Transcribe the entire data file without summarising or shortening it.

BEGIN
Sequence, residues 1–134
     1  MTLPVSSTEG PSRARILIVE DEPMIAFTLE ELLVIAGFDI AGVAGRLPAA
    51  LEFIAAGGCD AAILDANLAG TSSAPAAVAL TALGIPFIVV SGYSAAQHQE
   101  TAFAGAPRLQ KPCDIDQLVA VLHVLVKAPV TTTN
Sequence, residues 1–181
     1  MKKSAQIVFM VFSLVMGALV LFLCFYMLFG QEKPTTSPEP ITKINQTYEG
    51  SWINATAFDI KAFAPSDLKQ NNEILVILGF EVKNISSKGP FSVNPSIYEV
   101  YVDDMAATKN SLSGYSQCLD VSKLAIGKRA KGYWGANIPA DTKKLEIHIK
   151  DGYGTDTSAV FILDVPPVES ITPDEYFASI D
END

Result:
Sequence, residues 1–134
     1  MTLPVSSTEG PSRARILIVE DEPMIAFTLE ELLVIAGFDI AGVAGRLPAA
    51  LEFIAAGGCD AAILDANLAG TSSAPAAVAL TALGIPFIVV SGYSAAQHQE
   101  TAFAGAPRLQ KPCDIDQLVA VLHVLVKAPV TTTN
Sequence, residues 1–181
     1  MKKSAQIVFM VFSLVMGALV LFLCFYMLFG QEKPTTSPEP ITKINQTYEG
    51  SWINATAFDI KAFAPSDLKQ NNEILVILGF EVKNISSKGP FSVNPSIYEV
   101  YVDDMAATKN SLSGYSQCLD VSKLAIGKRA KGYWGANIPA DTKKLEIHIK
   151  DGYGTDTSAV FILDVPPVES ITPDEYFASI D